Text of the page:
ON Tuesday I had a vigorous exchange of views on Twitter with Dr David Ayres of Papua New Guinea’s National Research Institute triggered by continuing debate on PNG's recent election and its often violent aftermath.
David - a straightforward man - let me know in no uncertain terms that he believed my (and others’) expressions of opinion about the chaotic election were over the top.
In fact, he referred to them as “hysteria” and said my own reaction was “punch drunk” – comments he subsequently deleted from Twitter late Tuesday night, as was his right.
During my own tweets that night, I had mentioned my discomfort with reports and articles on the PNG election that have been emerging from the professional commentariat in organisations like the Lowy Institute.
It seems to me these professedly independent think tanks have developed a habit of pulling their punches on the PNG and Australian governments when it might be considered deeper investigation and greater critical analysis would be more appropriate.
I've observed this for some time but, during and after the election, felt there was a failure of these commentators to go the full distance and identify the evident malfeasance, fraud and likely corruption within and surrounding the conduct of the election.
They wrote articles covering important topics relating to the poll but which failed to properly examine the role of the O’Neill government in a process which was chaotic, corrupted (for example, see Paul Flanagan here, Busa Wenogo here and Francis Nii here) and ultimately contributed to death and destruction on a wide scale.
Which leads me to the main point of this piece.
I had in PNG Attitude a couple of weeks ago already commented on the Australian government’s supine response to what had been in many ways a disastrous PNG election.
That piece followed a statement by Australia’s foreign minister Julie Bishop that the election had been a “success”.
Observing the think tanks' reactions to the election, I mused that, while not quite echoing the foreign minister’s extraordinary complacency, they nevertheless failed to describe the full scope of what had occurred and sheet home responsibility to where it belonged.
This soft treatment of the PNG government by these institutes, and their seeming reluctance to use their resources and position to inquire into the now deeply entrenched corruption at a high level of PNG public life, have become obvious.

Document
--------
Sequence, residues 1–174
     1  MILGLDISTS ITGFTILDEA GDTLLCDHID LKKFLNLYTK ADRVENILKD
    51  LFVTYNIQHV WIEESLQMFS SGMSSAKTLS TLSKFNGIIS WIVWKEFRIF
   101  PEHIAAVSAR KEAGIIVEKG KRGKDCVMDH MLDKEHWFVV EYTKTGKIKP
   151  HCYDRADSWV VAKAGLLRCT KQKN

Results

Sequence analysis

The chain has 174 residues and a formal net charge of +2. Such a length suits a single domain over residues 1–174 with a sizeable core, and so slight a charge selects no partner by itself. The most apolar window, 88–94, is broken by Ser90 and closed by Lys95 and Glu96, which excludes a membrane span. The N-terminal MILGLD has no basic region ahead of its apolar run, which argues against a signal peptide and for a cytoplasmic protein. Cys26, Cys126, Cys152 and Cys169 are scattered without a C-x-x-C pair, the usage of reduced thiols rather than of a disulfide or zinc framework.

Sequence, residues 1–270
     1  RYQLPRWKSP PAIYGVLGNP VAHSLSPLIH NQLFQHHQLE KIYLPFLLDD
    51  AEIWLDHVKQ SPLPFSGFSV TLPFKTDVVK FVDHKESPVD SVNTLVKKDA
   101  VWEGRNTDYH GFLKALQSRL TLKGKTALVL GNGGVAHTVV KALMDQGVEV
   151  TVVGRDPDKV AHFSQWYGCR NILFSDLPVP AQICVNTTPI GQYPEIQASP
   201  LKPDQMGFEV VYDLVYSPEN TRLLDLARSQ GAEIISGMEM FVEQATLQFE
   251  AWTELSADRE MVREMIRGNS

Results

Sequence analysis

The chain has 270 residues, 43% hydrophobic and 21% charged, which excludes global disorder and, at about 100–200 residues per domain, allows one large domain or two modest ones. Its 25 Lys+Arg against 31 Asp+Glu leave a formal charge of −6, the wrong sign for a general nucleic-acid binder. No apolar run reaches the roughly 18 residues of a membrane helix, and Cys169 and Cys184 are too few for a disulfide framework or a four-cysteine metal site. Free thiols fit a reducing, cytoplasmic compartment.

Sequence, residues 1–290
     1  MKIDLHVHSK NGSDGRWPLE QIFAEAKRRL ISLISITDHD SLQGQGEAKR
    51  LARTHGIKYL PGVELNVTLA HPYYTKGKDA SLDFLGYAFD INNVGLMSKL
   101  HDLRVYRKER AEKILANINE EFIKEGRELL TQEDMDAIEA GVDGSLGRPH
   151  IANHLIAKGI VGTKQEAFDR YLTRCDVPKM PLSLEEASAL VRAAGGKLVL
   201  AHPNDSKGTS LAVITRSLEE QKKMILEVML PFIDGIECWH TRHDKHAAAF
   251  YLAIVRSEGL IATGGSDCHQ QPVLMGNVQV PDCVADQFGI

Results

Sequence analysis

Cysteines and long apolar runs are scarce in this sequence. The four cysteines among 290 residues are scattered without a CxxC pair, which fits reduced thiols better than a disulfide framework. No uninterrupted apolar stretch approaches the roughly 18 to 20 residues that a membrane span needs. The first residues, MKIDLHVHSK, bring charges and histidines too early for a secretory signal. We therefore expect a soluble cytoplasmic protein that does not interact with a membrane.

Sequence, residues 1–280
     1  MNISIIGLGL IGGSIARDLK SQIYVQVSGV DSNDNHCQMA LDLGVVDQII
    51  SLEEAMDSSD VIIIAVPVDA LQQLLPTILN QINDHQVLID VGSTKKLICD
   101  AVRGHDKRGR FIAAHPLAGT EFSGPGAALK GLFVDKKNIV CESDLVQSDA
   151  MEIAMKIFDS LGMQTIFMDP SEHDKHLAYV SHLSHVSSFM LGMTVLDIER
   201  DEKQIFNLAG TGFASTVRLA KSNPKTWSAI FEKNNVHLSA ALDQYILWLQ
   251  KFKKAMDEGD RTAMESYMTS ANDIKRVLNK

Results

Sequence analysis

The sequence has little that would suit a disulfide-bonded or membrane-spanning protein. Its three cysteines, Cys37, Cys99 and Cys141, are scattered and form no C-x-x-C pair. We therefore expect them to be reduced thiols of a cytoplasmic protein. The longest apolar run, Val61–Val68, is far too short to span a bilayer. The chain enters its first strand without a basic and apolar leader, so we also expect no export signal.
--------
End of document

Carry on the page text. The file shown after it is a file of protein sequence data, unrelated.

Could it be, I conjecture, that this is because these bodies are sensitive to an Australian government that itself is not only nervous not to mention disingenuous in conducting its relationship with PNG but which demands that those it gives money to behave in the same way?
It seems that most if not all of these organisations receive Australian government money, directly or indirectly, and it further appears that – by their actions – they are beholden to the Australian government to the extent that the financial relationship is able skew or at least soften their views.
It can be argued that many of these think tanks have become little better than mouthpieces of Australia’s foreign policy in relation to PNG, a policy which seems acquiescent to PNG government excesses.
A case has been propounded for some time to address such conflicts of interest by detaching the funding process of think tanks from politicians and bureaucrats who use money power to pursue their own partisan objectives.
Proponents of an arm's length approach argue that core funding should be made available not directly but through instruments like the Think Tank Initiative, which you can read about here.
I certainly believe this is a proposition that needs pursuing.
In the meantime, many readers have already responded to Phil Fitzpatrick’s call to urge the ABC Four Corners program to take a close look at Australia’s government to government relationship with PNG.
Thanks to all of them and I encourage other readers who want to see things improved to do the same here: http://www.abc.net.au/4corners/contact